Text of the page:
In the northern Dallas suburb of Frisco, Texas, developers are planning to build as many as 6,000 new condominiums and apartments, 10 hotels and 2 million square feet of office space along a one-mile stretch that includes the new corporate headquarters for the Dallas Cowboys.
Three towns to the west, in Flower Mound, city codes require that most homes sit on quarter-acre lots. When a developer two years ago proposed a 750-unit mix of apartments, senior living and townhomes geared toward millennials, dozens of nearby residents, some wearing T-shirts emblazoned with the words “low density,” showed up in council chambers to blast the plan. It eventually was reduced to 97 homes starting at around $450,000—up from the mid-$300,000 range in the original plan.
“We don’t want to look like Frisco,” resident Kelly James said at a meeting last year. “The more high density, the less character this town has.”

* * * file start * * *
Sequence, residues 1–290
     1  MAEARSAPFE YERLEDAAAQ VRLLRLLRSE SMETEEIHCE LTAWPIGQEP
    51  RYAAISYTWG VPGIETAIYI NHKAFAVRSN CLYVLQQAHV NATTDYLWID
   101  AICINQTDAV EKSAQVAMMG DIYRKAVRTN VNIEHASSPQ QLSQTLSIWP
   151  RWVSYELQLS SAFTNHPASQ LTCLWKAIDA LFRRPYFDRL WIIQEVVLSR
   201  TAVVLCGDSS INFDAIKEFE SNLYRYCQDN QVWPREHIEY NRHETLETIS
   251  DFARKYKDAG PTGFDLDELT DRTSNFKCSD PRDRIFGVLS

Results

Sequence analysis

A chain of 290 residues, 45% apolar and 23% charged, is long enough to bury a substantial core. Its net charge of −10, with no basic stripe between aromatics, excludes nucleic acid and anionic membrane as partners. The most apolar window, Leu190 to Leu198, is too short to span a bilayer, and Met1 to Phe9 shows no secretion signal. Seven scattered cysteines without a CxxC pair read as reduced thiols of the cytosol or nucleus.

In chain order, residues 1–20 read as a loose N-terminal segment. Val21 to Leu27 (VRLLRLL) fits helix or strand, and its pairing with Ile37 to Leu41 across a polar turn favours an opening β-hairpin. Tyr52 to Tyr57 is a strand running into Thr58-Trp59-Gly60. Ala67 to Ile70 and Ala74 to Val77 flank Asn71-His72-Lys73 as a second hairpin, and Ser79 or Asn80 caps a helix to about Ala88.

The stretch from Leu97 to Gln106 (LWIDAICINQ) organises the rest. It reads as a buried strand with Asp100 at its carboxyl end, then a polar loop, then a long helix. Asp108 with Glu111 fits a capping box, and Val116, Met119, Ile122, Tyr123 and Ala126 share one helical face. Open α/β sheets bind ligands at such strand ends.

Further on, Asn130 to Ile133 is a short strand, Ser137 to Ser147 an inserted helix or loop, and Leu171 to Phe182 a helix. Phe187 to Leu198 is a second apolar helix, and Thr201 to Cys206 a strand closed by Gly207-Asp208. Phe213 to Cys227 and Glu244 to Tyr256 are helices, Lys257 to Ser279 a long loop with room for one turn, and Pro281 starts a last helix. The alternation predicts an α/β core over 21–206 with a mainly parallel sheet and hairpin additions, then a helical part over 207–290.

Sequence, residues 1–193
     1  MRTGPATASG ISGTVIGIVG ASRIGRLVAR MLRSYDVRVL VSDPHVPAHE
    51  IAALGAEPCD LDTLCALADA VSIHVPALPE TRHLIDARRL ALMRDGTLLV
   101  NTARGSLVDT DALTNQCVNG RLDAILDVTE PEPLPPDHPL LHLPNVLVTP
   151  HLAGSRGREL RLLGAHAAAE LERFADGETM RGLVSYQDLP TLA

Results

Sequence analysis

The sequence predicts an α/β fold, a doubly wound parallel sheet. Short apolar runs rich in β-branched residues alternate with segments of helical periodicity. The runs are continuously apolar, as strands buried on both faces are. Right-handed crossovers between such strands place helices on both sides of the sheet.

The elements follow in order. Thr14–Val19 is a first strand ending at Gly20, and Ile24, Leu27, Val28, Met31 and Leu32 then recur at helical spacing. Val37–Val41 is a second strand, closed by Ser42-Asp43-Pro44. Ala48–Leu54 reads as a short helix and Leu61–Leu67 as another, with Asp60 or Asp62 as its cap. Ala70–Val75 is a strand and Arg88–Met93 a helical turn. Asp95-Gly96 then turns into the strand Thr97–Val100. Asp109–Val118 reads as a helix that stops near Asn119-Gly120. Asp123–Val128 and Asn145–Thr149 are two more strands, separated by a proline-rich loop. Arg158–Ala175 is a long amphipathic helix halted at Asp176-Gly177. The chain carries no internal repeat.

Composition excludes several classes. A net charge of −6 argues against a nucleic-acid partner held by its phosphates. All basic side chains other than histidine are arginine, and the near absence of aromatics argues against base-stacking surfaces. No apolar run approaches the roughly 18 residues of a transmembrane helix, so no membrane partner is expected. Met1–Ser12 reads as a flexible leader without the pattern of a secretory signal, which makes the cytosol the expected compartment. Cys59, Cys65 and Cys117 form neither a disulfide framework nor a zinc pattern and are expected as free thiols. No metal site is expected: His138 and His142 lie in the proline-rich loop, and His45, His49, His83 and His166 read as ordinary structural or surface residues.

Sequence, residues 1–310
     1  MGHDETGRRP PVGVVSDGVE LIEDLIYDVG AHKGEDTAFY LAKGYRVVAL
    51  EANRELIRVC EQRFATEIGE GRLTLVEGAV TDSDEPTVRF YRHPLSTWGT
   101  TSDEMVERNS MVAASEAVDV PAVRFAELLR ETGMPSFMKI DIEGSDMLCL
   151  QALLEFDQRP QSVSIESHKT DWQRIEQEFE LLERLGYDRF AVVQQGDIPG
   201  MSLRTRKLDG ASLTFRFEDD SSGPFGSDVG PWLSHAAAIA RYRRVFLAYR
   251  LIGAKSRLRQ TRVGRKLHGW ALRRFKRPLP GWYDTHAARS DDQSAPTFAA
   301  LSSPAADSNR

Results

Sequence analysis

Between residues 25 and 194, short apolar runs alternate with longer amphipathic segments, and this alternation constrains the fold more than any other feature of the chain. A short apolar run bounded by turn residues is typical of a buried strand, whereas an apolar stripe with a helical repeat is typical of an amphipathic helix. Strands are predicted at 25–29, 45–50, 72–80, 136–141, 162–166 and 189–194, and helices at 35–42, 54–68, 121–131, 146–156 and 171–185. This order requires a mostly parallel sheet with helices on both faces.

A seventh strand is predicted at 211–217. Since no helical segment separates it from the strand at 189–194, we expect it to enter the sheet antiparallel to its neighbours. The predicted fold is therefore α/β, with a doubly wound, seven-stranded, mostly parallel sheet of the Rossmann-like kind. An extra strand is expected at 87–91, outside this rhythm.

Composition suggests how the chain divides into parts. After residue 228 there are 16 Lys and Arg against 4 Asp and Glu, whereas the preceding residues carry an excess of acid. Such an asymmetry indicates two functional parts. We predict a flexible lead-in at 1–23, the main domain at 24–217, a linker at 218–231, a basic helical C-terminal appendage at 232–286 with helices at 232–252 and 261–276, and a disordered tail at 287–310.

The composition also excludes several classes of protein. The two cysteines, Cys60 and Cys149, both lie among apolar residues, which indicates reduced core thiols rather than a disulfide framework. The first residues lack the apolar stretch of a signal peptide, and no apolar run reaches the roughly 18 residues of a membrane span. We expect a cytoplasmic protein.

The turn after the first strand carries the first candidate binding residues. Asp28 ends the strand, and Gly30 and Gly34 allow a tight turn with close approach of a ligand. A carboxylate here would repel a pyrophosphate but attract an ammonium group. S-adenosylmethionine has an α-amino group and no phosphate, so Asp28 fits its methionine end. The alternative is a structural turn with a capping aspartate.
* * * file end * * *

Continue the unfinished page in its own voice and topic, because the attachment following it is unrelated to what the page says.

The starkly different trajectories of Frisco and Flower Mound, less than 20 miles apart, reflect the profound changes under way in suburban areas across the U.S. A growing body of survey research suggests millennials intend to gravitate to suburbs just like earlier generations did, but that they prefer a higher-density, more walkable version than the cul-de-sac communities of their parents.
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Chris Kirkham is a “reporter at The Wall Street Journal, a native Texan & wannabe native New Orleanian.” This article was originally published in The Wall Street Journal on August 26, 2016.